He was said to inhabit Mount Penglai. Anqi appears to have been a taoist wizard, and possessed the power of rendering himself visible or invisible at pleasure. According to the Daoist hagiography Liexian Zhuan, Qin Shi Huang spoke with him for three entire days (including nights), and offered Anqi jade and gold. He later sent an expedition under Xu Fu to find him and his highly sought elixir of life. The Records of the Grand Historian chronicles that Li Shaojun 李少君 visited him during his travels. Emperor Wu of Han also sent an expedition to find Anqi, which proved unsuccessful.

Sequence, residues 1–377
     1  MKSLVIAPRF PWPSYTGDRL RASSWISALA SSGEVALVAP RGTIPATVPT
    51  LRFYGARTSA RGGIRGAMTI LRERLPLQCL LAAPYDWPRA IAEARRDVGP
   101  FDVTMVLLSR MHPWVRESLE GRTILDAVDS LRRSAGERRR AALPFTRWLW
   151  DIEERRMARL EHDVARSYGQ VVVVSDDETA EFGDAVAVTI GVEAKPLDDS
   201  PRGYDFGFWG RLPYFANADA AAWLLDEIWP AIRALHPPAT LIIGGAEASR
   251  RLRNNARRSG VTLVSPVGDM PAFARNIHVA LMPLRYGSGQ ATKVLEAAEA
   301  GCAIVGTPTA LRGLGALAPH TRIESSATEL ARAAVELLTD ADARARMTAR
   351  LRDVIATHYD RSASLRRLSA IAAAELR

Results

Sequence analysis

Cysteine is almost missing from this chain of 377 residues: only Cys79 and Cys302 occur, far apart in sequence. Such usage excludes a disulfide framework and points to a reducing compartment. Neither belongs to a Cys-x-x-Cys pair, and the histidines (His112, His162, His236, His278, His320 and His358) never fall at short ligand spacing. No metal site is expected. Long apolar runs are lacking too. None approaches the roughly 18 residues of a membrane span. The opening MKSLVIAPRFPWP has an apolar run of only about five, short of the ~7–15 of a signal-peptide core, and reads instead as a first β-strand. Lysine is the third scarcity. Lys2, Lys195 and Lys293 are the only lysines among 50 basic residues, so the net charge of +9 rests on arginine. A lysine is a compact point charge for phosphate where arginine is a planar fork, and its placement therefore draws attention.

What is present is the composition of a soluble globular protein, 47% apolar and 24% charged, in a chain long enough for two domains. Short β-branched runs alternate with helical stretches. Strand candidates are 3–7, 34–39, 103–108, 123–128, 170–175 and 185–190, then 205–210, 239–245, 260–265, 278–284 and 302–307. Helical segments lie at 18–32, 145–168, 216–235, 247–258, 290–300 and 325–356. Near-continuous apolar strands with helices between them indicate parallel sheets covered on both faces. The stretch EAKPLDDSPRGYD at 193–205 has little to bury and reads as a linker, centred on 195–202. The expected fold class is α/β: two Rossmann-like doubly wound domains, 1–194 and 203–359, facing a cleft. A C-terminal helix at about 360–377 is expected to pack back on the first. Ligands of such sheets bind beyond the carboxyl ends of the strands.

Anqi holds an important place in the Taiqing and Shangqing Schools.
- This article incorporates material from Herbert Giles's A Chinese Biographical Dictionary (London: Arthur Probsthain, 1898), which is now in the public domain.
- Fabrizio Pregadio. The Encyclopedia of Taoism. Routledge, 2008.
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